When I first arrived in southern Rewson in 1329 it seemed like the ancient part of all cities of the fourth age, old and tall with winding streets sprouting in ever direction with random beginnings and ends. It was all too easy to get lost between the vagabonds, painted whores, and strays begging for a crust of bread among the many doorways. Hoards of people filled the streets of dark stone breathing in dust and soot kicked up by their shoes and garments. Only seldom beams of light were able to filter down through the canopy of laundry floating above their heads, but the call of the market seemed to guide them to wherever they were heading. Hoofs on stone, the fomping of grain bags, and a continuous humming of voices filled the air like a breeze in sails. Despite the transuding chaotic haze, a certain harbored grace loomed in their smiles and exchanges.
At this time, having left my parents’ home from the province of East Phost, I moved into a one room flat in the HentleCo Quarter, in a tall narrow red brick building that housed Dintow’s Emporium on the ground floor. Though the city as a whole was the smallest of the remaining four cities erected during the height of the Edwardian Empire, southern Rewson alone was larger then anything I had ever known and managed to leave me speechless. After bringing up my one moth-ridden black traveling bag, before I even closed the door behind me, my nose seemed to drag me to the balcony behind the two-fogged glass windows. There I was, a sparrow amongst the laundry my eyes glazed in awe with the thick-aired hustle below. Through the damp air the many people flowed in and out, yelling about better prices on honey bread found two blocks over, or inquires about gillerd trout. I just perched there for hours my head darting up and down the street, hopelessly attempting to absorb all that past below me, completely forgetting that my front door still lay wide open.
Soon the sky grew dark as the haze disappeared and two boys in tattered blue and gold uniforms adorned with Rewsonian crest made their way to light the lamps, using each other as a ladder. With the chime of some church bells calling out five, sellers begin to pack as buyers made themselves scarce along the now dimly lit and lonely street in HentleCo Quarter. I decided to close the front door.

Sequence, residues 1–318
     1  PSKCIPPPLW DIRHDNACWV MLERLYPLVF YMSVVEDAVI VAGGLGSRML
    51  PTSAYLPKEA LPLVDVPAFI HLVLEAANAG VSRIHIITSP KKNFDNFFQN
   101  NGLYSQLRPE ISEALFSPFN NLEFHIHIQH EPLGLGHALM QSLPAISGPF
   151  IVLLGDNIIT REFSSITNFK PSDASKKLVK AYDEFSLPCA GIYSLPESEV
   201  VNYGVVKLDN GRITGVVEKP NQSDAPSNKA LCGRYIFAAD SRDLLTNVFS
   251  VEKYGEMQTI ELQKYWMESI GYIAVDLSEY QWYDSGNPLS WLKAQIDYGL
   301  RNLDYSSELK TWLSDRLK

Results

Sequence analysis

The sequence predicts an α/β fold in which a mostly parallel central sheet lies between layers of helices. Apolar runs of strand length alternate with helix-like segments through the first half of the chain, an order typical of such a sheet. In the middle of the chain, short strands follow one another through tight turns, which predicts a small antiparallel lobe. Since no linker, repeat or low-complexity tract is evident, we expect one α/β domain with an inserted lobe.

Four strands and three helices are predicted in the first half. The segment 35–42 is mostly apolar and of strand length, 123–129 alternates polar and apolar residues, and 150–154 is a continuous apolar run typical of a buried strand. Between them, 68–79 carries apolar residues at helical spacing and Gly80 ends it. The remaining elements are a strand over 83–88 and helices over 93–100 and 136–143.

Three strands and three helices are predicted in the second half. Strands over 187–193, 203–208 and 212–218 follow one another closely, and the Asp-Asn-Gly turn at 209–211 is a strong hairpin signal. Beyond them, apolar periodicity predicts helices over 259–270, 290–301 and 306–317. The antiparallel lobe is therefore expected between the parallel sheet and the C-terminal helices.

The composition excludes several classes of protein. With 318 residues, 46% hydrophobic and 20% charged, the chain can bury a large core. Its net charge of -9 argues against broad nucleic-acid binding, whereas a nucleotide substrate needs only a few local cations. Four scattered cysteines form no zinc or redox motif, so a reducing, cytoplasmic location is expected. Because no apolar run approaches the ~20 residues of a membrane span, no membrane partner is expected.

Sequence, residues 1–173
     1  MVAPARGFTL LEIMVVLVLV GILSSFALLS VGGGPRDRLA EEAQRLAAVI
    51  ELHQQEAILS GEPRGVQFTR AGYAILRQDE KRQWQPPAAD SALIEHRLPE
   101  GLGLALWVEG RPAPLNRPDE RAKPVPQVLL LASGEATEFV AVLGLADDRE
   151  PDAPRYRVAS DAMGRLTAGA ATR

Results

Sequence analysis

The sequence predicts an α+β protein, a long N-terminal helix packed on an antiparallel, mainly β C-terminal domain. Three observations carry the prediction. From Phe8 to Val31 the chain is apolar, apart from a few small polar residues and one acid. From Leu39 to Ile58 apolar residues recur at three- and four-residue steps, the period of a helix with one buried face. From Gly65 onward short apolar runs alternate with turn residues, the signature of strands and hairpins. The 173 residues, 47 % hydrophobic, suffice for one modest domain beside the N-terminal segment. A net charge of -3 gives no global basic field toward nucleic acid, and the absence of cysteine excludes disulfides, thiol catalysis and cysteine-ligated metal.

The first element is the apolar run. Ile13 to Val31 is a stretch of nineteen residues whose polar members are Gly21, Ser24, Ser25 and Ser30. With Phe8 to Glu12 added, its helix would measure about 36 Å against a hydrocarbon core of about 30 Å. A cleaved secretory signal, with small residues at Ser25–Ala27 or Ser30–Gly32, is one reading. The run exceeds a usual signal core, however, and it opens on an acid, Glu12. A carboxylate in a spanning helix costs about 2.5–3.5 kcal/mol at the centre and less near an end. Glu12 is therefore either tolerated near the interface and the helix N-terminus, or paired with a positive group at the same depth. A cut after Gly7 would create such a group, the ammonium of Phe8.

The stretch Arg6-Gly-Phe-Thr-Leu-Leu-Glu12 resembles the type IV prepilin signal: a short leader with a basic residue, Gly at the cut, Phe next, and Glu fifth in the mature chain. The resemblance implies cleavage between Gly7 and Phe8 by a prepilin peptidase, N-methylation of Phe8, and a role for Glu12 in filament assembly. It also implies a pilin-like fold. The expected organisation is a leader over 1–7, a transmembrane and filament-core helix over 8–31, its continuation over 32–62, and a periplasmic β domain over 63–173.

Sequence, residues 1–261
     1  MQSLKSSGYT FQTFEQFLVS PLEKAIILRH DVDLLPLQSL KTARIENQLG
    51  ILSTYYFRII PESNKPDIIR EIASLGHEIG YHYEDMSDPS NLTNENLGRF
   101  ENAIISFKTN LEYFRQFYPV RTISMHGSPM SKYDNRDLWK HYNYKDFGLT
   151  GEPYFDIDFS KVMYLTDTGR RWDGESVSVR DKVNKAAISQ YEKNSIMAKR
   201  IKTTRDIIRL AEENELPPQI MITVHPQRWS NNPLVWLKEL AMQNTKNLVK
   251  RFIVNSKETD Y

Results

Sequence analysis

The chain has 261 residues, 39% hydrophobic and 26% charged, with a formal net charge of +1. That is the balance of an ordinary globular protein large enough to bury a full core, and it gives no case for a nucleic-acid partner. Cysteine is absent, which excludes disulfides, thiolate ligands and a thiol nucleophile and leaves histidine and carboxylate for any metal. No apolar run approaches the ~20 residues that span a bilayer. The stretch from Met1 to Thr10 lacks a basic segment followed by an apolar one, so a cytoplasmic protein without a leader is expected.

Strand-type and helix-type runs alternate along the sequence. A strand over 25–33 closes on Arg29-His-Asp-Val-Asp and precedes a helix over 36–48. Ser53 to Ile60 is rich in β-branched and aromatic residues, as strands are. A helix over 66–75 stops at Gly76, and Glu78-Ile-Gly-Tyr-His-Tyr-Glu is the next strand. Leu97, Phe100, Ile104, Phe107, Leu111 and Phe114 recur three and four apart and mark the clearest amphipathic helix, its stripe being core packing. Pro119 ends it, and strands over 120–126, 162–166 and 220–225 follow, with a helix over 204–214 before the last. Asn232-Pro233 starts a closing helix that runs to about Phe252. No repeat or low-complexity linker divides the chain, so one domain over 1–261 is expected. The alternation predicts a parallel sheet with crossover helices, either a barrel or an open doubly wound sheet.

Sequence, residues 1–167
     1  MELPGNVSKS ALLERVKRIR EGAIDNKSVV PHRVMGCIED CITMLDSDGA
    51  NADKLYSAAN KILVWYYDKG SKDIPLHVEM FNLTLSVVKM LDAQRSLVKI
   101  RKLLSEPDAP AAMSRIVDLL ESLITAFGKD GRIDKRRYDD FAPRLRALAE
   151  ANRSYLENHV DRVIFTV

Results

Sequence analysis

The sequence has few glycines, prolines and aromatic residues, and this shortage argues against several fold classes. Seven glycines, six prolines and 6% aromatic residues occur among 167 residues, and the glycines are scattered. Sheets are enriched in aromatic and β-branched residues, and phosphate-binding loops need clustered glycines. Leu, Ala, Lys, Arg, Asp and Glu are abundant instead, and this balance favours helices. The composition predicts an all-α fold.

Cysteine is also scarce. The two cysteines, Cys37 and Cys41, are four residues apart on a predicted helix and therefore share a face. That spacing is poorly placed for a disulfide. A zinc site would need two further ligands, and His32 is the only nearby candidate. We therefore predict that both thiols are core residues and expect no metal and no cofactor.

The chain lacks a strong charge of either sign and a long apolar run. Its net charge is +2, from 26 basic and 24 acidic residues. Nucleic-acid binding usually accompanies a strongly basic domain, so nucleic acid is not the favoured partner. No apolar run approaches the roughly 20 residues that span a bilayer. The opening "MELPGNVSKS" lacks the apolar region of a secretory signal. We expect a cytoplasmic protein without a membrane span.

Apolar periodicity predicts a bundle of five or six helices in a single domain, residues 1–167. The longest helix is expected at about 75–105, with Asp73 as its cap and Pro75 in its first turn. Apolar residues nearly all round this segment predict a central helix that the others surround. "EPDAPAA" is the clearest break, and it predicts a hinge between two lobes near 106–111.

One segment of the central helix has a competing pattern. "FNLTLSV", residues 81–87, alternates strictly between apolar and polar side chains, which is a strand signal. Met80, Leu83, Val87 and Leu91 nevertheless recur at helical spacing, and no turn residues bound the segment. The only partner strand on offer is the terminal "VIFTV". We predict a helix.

The next morning, I found myself awake in my small but soft bed looking up at my patched ceiling before sun’s first light listening to wind rustle through the street below as those same heavenly bells faintly chimed out the hour. Without thinking my legs moved about and managed to kick off the summer sheet and I felt the crisp un-heated air flow over me feet to face. I rose from my bed and decided to head back to the balcony and watch the day unfold. Night still hung in the sky on a few fading stars of grey soon to blend into the mustard of the dawn.
With stars now gone I turned my head away from the heavens and found a girl draped in tattered green uncovering her purple and white flowers as those same two boys in the blue and gold began to blow out the lamps to start a new day. People began to filter down into the street as the hum of clattering wheels and foot traffic grew louder. Three people bought the girl’s flowers as the faces of shiner boys lingered over them from their boxes and barrels with their hawk eyes skimming the crowd for a topper with enough money for a shoeshine. The sultry air grew thicker despite the many hours till midday but no one seemed to notice the drops of sweat trickling down their faces and palms. That was it. I could not be the observant sparrow on his perch any longer. With that I went back inside and changed my clothes and headed down the claustrophobic stairway of granite and crumbling stone.
Syrupy beads of sweat burned off my brow as I shoved against traffic heading south, guided by a faint wind. I had managed to find my way behind a small cart transporting cloth pushing the flock out of my path allowing my shoulders to breath in the muggy fog. Through the masses pushing along either side of me I managed to see a small sign above a door that read “cool inside”. I jumped in front of traffic giving up my place behind the linen cart and after a few glares I made it to the small rotting door and turned the rusted doorknob. It was not as I expected.
Perhaps my hopes were simply too high, but whatever it was, one thing was certain; it was not cool inside by any means. The sweat continued to radiate off me fusing with the already sultry air, twirling around by a single lotus fan with several bolts missing. The clamor from outside beating up against the door while the chaos from within reaps havoc against the clamor of the street. My ears twitch with the buzz and eyes flash around the room quickly, sharply, and madly. A sparrow thrust into the snake pit frozen except for screws rolling around in sockets. Sweat and rotting meat sizzling on the chalk menu board above the bar, blurring the prices into one faded white drip. Men hovering in the far left corner-a woman dropping bottles in the kitchen-hearty laughs from nowhere, faces grinning like clowns on unicycles all while I, the sparrow, stand alone in a bar, open-jawed in a puddle of self induced wonder.